Britain risks losing its rank as Europe's dominant gas trading hub in the next decade as rivals in continental Europe enjoy rising trade volumes spurred by deregulated energy markets and a diversifying array of supply.
The UK's National Balancing Point (NBP) is currently by far the largest of Europe's gas hubs, with traded volumes of 1.3 trillion cubic meters (tcm) in 2009, International Energy Agency (IEA) figures show.
This dwarfs its nearest competitor, the Dutch Title Transfer Facility (TTF), which saw volumes of 76.1 billion cubic meters (bcm) in the same year.
But the NBP has seen its share of total traded volumes of European gas decline from about 94 percent in 2003 to 78 percent in 2009, according to the IEA.
The share of NBP of total trading volumes has been reduced over time ... This is one trend I am expecting will continue, Ingolf Hoven, director of gas and oil trading at Germany's E.ON Energy Trading, told Reuters. The NBP will lose in relative terms.
Hubs located in the Netherlands, Germany, and Austria all have a shot at becoming a top centre for European gas trading, experts believe, with each country making moves in recent years to boost traded volumes and merge their markets.
As continental Europe gradually moves from long-term, oil-linked gas supply contracts to freely trading the commodity across borders, gas demand levels will not justify more than one to three major trading hubs in all of Europe, experts said.
They can't all be big hubs. It's just not going to work, said Patrick Heather, an energy consultant and senior research fellow at the Oxford Institute for Energy Studies.
That means the next few years will see a major thinning in the ranks of the current eight major European hubs, with a handful emerging as winners.
TTF IS BEST POSITIONED
The Netherlands' TTF, either of two German hubs, but also Austria's Central European Gas Hub (CEGH) all enjoy advantages that could help them challenge the NBP in the long run.
Who will eventually win out depends factors including the availability of both physical and virtual storage, a commitment to transparency, and the willingness of hubs within a country to merge to create more liquid markets.
The future may belong to the TTF, which has seen double-digit leaps in volumes in recent years and is continental Europe's largest hub.
If you look at the one which could be the major competitor for the NBP, it is the TTF, said Thierry Bros, an analyst at Societe Generale. We've seen a lot more trades in the TTF over the past few months.
TTF's prime location between Germany, France and at the North Sea coast enables it to transfer gas from Norway to the German and French markets, and it is also connected to Britain's NBP hub.
Additionally, the brand-new Dutch liquefied natural gas (LNG) terminal opened last year gives TTF direct access to the global LNG market, an advantage that Germany and Austria both lack.
They (TTF) have loads of projects afoot to try to improve liquidity, Heather said, including a successful move to real-time balancing last year.
They really are very keen to continue developing their status, Heather said. They know they can do it, they want to do it, and they are doing it.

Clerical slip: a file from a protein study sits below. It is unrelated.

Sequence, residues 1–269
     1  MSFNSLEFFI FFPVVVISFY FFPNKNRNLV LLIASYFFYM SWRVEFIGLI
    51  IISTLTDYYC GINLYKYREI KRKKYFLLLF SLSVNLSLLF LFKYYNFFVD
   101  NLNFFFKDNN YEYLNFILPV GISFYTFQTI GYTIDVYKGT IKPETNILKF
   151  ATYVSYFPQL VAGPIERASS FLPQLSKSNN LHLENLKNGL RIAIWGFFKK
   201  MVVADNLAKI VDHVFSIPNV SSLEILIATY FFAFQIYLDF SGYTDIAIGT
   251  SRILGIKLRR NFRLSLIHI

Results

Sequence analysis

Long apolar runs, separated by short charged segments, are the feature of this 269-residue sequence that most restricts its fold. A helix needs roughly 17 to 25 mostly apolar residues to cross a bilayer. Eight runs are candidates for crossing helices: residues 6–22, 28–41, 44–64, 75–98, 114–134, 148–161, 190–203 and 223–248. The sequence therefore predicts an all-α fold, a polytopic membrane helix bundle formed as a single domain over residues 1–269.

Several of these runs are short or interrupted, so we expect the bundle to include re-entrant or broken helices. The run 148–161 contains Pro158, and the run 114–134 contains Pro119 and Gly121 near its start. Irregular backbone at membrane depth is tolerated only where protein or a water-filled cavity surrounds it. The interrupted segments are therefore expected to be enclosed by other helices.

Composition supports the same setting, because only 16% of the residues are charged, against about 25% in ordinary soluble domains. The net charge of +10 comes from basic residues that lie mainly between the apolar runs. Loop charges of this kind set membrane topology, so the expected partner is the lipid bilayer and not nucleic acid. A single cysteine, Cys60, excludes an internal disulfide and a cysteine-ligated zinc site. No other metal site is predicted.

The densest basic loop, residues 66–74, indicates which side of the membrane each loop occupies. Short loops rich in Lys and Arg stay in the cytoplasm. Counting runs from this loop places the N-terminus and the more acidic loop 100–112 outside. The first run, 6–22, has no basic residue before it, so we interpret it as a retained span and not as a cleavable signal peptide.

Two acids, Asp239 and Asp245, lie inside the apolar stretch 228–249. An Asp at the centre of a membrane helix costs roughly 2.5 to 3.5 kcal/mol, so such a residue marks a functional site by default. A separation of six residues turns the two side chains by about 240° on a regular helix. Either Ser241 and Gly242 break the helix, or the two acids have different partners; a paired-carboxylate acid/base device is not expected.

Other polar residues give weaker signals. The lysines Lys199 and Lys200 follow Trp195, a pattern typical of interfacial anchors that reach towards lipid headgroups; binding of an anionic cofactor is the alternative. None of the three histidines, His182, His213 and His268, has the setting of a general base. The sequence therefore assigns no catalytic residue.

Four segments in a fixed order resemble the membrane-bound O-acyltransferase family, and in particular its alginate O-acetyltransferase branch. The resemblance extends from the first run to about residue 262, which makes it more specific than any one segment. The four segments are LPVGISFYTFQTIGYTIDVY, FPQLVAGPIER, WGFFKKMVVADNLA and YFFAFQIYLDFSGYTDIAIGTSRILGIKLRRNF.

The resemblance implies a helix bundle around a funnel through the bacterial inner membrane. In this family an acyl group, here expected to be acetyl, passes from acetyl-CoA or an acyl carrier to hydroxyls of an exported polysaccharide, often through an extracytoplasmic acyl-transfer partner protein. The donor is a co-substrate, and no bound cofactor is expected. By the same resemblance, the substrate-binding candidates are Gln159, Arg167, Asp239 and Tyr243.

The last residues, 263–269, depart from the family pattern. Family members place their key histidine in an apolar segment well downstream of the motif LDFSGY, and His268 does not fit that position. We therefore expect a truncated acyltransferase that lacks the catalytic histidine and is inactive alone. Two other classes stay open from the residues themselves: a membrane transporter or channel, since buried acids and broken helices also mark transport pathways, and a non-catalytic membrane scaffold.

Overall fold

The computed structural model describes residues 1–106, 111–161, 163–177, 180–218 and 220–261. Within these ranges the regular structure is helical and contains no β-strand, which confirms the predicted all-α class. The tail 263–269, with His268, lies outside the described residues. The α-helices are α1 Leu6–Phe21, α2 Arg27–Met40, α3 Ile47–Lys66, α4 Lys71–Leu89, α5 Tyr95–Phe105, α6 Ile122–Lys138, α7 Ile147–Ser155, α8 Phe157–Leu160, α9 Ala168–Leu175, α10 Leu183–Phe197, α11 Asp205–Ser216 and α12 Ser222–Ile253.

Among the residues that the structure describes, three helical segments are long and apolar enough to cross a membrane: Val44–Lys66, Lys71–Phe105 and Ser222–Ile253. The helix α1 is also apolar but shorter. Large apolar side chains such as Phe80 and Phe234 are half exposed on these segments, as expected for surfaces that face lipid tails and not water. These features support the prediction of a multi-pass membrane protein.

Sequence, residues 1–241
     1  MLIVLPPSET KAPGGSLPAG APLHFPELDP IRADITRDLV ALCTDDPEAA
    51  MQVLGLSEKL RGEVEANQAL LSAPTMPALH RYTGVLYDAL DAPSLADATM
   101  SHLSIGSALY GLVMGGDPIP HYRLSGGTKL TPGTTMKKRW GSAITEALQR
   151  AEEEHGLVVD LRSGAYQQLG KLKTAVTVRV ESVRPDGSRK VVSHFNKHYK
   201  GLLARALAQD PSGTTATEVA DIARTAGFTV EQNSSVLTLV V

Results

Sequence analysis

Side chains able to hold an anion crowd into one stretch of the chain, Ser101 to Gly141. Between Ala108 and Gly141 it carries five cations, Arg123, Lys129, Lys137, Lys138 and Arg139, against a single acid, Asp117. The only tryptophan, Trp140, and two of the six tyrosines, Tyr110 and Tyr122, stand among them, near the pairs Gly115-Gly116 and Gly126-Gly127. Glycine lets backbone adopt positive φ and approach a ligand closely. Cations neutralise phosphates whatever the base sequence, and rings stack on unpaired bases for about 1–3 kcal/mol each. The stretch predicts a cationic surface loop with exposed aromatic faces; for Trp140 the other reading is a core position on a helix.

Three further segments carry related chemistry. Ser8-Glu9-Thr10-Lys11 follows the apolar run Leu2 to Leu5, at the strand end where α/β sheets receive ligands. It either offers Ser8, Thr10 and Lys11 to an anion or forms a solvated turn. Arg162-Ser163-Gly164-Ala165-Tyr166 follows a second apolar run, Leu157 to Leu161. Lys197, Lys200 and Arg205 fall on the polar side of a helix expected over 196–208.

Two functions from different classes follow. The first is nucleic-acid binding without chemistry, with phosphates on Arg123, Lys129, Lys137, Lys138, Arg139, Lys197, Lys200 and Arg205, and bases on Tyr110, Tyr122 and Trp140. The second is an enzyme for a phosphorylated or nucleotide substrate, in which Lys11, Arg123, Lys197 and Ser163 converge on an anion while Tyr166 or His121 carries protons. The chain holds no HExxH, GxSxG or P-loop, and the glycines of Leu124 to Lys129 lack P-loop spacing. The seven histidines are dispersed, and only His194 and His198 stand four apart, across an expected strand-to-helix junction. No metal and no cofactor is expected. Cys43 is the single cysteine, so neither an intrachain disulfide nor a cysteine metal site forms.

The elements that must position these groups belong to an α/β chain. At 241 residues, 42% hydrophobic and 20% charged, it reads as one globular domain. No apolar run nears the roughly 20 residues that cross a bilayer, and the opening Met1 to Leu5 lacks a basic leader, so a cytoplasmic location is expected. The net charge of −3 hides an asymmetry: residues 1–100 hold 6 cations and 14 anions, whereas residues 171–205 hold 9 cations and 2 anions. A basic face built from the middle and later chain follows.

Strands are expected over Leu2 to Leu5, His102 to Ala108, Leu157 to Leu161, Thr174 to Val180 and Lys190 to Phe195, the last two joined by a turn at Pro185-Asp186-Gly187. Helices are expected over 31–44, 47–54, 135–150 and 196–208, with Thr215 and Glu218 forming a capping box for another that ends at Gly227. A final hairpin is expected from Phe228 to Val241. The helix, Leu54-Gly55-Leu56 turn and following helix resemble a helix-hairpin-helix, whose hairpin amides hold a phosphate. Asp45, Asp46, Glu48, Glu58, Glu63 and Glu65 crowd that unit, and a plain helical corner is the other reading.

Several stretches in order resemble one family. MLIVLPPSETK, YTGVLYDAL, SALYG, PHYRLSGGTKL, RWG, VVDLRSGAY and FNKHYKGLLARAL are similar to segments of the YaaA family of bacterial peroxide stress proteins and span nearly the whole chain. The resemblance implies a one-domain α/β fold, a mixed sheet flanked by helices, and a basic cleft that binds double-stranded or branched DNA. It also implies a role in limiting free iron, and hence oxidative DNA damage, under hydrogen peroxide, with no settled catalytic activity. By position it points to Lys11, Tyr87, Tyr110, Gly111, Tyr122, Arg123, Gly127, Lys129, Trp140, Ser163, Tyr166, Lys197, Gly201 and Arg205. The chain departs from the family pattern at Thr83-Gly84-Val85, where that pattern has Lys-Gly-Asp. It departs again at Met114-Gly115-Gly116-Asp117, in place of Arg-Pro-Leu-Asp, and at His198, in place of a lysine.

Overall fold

A recent survey by consultancy Baringa Partners and Energy Risk magazine found market participants expect TTF, Germany's NetConnect Germany (NCG), and NBP to have the greatest rise in liquidity in the next five years.
Germany, with its big gas market, Europe's biggest economy, its central location with nine land borders, and solid transit lines is also a strong contender for Europe's top gas trading spot, said Oliver Maibaum, managing director for the European Energy Exchange (EEX).
We (Germany) have the biggest storage capacity all across Europe, Maibaum said. Therefore it's almost a natural thing that the German market should be the reference market on the continent in the long run.
On Thursday, Poland's gas system operator said the country raised the capacity of its gas link with the German network by half to 1.5 bcm and plans to expand it further.
But the remaining German hubs, NCG and GasPool, are owned by several shareholders whose competing interests might make it difficult to combine them, Heather said.
From a trading perspective, we would appreciate if there was a merger, E.ON's Hoven said.
COULD AUSTRIA SURPRISE?
Austria's Central European Gas Hub's (CEGH) location allows it to provide German and Italian markets with Russian and central Asian gas supplies.
The Austrian government passed a law in 2011 that paves the way for a virtual gas trading hub and aims to eventually merge its three regional markets.
It's the only one across northwest Europe that is proposing this vision, within this decade anyway, to have a genuine central European virtual trading hub, the Oxford Institute's Heather said.
But landlocked Austria has no direct access to the growing LNG market, and still has much lower volumes than TTF or NBP. E.ON's Hoven said CEGH is far away from being recognised as a liquid hub for the time being. It is just one of the other hubs.
NBP REMAINS PIVOTAL
Although continental Europe is rising in importance relative to Britain in gas traded volumes, the NBP will remain pivotal. Experts said that the shift in influence was more one of continental Europe catching up rather than the UK shrinking.
Traders want to be in a transparent market, Bros said. This is why it's a competition against the best in class, the UK.
With its three major LNG terminals and established market, the NBP acts as a price benchmark for European spot LNG trading, something no other European hub is likely to achieve.
Its importance is also highlighted by the fact that EEX recently opened an office in London, and is planning on launching clearing services for NBP in February.
(Editing by Henning Gloystein and Jason Neely)